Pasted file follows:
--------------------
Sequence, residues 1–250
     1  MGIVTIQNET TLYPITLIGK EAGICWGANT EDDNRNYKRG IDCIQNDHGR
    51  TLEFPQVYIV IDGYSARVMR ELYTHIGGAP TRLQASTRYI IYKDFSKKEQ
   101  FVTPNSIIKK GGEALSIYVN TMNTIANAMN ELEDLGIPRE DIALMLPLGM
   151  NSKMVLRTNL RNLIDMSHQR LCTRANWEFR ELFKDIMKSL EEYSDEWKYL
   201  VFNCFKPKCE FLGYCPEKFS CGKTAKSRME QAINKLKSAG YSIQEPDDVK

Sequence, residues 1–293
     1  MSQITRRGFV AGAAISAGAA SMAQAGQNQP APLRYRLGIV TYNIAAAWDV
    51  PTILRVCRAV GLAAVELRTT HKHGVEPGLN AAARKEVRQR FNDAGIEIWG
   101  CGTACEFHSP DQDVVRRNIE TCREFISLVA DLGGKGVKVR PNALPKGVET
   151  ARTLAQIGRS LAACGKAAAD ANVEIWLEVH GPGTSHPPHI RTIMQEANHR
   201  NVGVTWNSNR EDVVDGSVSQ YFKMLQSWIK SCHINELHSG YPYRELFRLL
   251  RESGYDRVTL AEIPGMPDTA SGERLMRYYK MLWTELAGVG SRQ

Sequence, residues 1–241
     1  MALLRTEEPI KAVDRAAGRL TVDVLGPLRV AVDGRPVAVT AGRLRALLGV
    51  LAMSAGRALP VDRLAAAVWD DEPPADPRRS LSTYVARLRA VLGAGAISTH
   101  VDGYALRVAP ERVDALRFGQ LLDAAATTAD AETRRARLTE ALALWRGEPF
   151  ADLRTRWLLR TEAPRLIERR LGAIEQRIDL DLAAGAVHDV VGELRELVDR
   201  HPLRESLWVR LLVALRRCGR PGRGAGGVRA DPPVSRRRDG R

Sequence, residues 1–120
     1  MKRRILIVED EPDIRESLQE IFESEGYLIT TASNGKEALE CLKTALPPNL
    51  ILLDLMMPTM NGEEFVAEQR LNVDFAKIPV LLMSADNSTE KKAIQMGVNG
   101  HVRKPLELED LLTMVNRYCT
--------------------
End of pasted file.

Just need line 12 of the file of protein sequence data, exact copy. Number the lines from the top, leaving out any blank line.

   201  NVGVTWNSNR EDVVDGSVSQ YFKMLQSWIK SCHINELHSG YPYRELFRLL